Do Dogs Cry At Night?
The reason why your dog has tears is because he/she feels sad or upset. Sadness is one of the most common emotions experienced by humans. Sadness is a very complex emotion that involves many different parts of our emotional system, including the limbic system (the seat of emotions), hypothalamus (a center for stress response) and amygdala (which controls fear responses). These are just some of the areas involved in sadness.
Dogs don’t experience sadness like humans do. While they may exhibit signs of depression, such as lack of appetite, lethargy and other symptoms of depression, these are not the same thing as being depressed. Depression is a chronic condition that affects both humans and animals.
Dogs’ moods change from day to day and even hour to hour. Some dogs will appear happy while others become withdrawn or apathetic.
It’s possible that your dog is simply feeling down and needs time to himself. If this is the case, then it would make sense that he’d want to sleep. However, if your dog is experiencing sadness, then he’ll likely need someone or something else to comfort him.
In this case, you should find a way to help him get past the day.
It’s also possible that your dog is showing symptoms of depression brought on by illness. If this is the case, it’s important to get your dog to a veterinarian as soon as possible. Your veterinarian may be able to treat your dog for depression or other conditions that can affect his moods.
Does My Dog Know I’m Crying?
This is a common question that many pet owners have. The answer isn’t exactly simple and can vary from situation to situation. Dogs do not shed tears the same way that humans do. Dogs don’t really cry or sob in the traditional sense of the word. If your dog is near you when you’re crying, then it’s possible that he can hear you sniffling or sobbing.
Some people believe that dogs can sense sadness. If you’re feeling sad then it’s probably true that your dog can sense something is wrong with you. He may whine, bark or otherwise try to get your attention.
This isn’t necessarily because he knows you’re sad, however, but rather because he knows that you are no longer acting the way that you normally do.
Will Dogs Attack Owners Who Are Crying?
Some people believe that if a dog sees his owner crying, then he may attack him. This is actually a popular myth. Dogs are not natural born killers and there is no evidence that they will ever attack their owners without some sort of provocation. It is true that dogs can be aggressive creatures when aroused, but this only really happens in situations where they feel threatened for themselves or their offspring.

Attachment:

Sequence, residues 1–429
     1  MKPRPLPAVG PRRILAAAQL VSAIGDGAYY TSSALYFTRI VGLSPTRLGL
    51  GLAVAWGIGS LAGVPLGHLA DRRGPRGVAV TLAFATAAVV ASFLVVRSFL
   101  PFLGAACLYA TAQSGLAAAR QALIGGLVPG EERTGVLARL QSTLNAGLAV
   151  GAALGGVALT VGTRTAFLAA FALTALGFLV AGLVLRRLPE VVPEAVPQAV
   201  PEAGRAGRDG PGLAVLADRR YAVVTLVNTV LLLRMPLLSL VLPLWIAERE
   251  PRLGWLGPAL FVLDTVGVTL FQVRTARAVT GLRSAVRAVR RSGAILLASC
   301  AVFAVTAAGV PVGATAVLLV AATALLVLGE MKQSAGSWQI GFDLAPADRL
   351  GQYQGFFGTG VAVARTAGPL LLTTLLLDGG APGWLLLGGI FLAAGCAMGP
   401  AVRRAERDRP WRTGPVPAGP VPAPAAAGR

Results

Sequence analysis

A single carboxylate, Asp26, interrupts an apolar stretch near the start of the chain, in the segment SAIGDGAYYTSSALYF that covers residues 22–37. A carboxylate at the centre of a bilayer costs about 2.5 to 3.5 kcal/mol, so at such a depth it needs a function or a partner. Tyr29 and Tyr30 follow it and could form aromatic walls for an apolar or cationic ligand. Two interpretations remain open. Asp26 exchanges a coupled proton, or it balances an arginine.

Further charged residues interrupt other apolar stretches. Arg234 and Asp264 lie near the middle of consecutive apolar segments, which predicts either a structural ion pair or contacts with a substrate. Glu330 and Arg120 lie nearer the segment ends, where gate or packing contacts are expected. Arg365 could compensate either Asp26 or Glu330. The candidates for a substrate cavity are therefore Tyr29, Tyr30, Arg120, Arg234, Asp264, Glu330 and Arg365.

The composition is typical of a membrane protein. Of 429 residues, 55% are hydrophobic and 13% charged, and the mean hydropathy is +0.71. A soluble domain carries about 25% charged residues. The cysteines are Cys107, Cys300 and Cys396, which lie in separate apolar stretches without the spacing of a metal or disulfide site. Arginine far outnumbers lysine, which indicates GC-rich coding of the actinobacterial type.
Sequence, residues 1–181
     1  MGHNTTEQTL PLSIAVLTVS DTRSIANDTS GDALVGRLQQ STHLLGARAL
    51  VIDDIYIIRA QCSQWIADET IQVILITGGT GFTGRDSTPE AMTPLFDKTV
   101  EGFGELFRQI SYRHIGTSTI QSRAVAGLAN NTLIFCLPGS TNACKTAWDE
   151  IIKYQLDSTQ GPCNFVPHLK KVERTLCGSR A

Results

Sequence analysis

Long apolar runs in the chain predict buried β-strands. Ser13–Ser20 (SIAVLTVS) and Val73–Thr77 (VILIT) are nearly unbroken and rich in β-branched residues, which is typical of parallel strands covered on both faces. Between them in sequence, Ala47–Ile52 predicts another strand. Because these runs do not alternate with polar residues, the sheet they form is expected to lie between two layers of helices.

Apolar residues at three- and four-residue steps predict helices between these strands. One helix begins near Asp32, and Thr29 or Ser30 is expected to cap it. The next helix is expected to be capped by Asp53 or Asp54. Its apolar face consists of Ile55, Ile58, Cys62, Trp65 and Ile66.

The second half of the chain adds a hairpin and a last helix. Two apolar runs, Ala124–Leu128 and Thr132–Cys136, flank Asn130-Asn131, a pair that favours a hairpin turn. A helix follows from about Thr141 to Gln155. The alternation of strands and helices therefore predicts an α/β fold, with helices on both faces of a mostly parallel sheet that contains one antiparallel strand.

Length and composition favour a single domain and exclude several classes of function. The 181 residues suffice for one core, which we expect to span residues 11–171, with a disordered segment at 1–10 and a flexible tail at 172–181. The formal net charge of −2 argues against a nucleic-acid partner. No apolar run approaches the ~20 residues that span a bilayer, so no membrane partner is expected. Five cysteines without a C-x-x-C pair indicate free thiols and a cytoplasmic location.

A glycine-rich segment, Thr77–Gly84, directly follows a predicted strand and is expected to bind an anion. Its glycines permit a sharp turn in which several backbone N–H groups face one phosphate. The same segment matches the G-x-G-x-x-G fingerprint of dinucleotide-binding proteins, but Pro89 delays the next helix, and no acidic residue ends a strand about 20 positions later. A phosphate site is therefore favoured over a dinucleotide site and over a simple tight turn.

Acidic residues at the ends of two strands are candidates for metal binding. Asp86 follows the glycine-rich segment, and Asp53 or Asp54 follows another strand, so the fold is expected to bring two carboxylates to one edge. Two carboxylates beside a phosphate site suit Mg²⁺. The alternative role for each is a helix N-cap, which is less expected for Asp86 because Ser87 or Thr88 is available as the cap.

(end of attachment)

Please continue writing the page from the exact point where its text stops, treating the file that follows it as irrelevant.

Does My Dog Feel My Sadness?
Again, this is something that isn’t really known and there isn’t any real evidence either way. Dogs are very in tune with their owners and will often mimic the emotions that they see from their owners. If you’re feeling sad, then your dog will likely respond to this behavior by whimpering or acting depressed. It’s possible that your dog doesn’t actually feel your sadness, but rather is just reacting to what he sees you doing.
Why Do Dogs Get Depressed?
Dogs are very social creatures. This means that they often form strong attachments to other people and animals. If a dog knows that you’re feeling sad and unhappy, then he may become depressed himself. In some ways, your dog is really just mimicking your behavior and emotions so that he can bond with you on some level.
It isn’t known for certain if dogs experience depression in the same way that humans do. It’s entirely possible that they do and for much the same reasons, but it’s also possible that dogs can also experience brief periods of sadness due to their strong instinctual nature. Many owners will notice that their dogs seem to act depressed following the death of a pet cat or the family’s move to a new home.
How Can I Tell If My Dog Is Depressed?
It isn’t always easy to tell if your dog is actually depressed for a few reasons. For one thing, dogs can’t really communicate with you verbally so you’re going to have to try to understand them on a more primal level. Also, dogs tend to act differently than humans so you may notice behavior that seems “out of the ordinary” but isn’t really cause for concern.
Dogs can experience symptoms similar to those of human depression such as: